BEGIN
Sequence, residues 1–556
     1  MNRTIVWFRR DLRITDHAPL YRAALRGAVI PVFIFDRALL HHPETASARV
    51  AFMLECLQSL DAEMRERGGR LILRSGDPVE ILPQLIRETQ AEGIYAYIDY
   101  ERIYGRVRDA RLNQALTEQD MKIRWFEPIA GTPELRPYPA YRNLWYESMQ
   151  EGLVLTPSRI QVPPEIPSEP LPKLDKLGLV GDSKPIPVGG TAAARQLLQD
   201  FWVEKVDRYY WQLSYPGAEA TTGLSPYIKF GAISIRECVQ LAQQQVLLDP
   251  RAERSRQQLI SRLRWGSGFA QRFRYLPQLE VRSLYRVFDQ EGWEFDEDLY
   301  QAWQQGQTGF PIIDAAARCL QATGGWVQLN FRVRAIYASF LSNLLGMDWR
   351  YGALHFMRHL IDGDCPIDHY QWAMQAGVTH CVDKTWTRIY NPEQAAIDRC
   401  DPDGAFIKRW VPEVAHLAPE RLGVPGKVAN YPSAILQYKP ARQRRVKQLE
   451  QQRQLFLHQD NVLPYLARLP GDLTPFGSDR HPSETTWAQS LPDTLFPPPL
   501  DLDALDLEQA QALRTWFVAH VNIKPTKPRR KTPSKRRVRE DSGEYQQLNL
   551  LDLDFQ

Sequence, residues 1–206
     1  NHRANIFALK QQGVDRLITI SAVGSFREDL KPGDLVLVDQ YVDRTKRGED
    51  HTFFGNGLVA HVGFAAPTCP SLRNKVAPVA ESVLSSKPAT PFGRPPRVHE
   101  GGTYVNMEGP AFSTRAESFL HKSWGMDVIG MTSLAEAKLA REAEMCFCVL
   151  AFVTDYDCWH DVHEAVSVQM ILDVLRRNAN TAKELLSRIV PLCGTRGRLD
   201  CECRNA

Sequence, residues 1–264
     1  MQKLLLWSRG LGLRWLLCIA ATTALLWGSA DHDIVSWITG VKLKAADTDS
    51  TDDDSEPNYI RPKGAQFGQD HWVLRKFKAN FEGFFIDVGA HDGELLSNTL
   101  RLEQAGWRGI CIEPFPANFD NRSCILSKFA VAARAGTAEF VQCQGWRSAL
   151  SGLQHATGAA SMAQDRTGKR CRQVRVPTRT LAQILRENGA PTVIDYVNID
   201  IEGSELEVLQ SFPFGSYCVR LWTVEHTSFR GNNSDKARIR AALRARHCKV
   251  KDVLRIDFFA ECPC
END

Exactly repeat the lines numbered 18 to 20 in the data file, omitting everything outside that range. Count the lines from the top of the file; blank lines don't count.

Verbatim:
   151  AFVTDYDCWH DVHEAVSVQM ILDVLRRNAN TAKELLSRIV PLCGTRGRLD
   201  CECRNA

Sequence, residues 1–264